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New proposals from the U.S. Securities and Exchange Commission (SEC) would allow so-called “gig workers” to be partially paid in equity.

The commission voted to propose rule changes that would allow companies to pay equity compensation to “platform” workers, such as Uber drivers.

“Today’s proposed amendments seek to modernize our requirements for including company securities in worker-company compensation arrangements so that workers have the opportunity to share in the growth of the business,” said SEC chairman, Jay Clayton, in a statement.

Under the proposals, firms would be able to pay gig workers up to 15% of their annual compensation in equity, to a maximum of US$75,000 over three years.

The SEC said that the proposed rules aim to “reflect the significant evolution that has taken place in the composition and participation of the workforce” in recent years.

“Work relationships have evolved along with technology, and workers who participate in the gig economy have become increasingly important to the continued growth of the broader U.S. economy,” said Clayton.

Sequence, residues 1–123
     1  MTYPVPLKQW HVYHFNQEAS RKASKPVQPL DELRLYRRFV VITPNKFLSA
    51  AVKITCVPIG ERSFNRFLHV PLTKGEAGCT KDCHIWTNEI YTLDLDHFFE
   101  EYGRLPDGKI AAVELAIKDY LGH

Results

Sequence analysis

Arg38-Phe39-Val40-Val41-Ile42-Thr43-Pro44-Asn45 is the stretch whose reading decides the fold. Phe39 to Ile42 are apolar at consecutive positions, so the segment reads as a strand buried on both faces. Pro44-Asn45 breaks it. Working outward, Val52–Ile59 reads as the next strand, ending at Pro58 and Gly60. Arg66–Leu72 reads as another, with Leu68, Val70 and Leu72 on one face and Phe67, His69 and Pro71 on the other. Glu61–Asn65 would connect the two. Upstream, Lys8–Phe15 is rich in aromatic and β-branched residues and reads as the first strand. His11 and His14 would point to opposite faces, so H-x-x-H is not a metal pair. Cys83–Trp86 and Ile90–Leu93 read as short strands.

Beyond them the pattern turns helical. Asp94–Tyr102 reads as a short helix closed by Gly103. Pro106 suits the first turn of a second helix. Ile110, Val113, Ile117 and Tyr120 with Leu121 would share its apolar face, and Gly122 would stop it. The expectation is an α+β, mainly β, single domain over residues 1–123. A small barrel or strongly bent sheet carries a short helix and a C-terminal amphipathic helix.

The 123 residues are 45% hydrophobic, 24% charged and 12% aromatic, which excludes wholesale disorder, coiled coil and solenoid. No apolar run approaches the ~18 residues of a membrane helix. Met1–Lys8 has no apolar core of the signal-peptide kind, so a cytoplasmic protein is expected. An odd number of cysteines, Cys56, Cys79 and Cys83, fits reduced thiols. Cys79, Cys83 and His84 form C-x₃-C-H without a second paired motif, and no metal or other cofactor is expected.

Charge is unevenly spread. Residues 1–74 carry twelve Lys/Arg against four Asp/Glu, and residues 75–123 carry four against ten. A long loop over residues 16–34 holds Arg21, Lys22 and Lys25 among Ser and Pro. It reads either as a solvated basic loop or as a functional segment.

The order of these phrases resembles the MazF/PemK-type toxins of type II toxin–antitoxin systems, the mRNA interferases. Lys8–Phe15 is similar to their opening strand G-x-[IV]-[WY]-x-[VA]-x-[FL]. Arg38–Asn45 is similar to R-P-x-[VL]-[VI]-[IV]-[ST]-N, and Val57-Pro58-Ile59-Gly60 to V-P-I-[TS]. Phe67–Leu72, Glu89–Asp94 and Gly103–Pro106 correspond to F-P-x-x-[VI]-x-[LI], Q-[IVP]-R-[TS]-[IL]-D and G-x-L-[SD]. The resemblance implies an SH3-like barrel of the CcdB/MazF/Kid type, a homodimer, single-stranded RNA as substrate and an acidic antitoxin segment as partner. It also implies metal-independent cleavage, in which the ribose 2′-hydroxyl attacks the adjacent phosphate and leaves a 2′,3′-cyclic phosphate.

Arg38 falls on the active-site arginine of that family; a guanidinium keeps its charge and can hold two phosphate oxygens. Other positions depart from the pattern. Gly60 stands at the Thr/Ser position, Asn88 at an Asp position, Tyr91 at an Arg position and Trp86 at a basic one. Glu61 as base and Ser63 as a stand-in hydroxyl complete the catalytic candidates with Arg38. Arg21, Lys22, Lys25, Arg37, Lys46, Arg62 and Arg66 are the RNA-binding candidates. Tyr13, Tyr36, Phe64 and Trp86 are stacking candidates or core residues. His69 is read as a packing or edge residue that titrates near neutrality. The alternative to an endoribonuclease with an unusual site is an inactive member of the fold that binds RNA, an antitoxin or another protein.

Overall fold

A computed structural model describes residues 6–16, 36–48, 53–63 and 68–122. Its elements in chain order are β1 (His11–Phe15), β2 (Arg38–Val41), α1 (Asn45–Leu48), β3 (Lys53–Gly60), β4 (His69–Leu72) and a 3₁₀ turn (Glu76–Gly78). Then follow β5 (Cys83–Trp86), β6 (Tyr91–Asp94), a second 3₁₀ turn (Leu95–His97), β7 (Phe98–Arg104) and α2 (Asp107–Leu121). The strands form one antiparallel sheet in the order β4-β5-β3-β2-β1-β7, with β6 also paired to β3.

The proposals will go out for a 60-day public comment period after being published in the Federal Register.

The SEC is proposing to adopt the measures for five years, which will allow the regulator to examine whether companies are using the provisions to pay workers rather than raise capital.

“The commission would also be able to assess whether such issuances have the expected beneficial effects for issuers in the ‘gig economy’ and their investors, including those platform workers who have received securities as compensation, and whether such issuances have resulted in any unintended consequences,” the SEC said.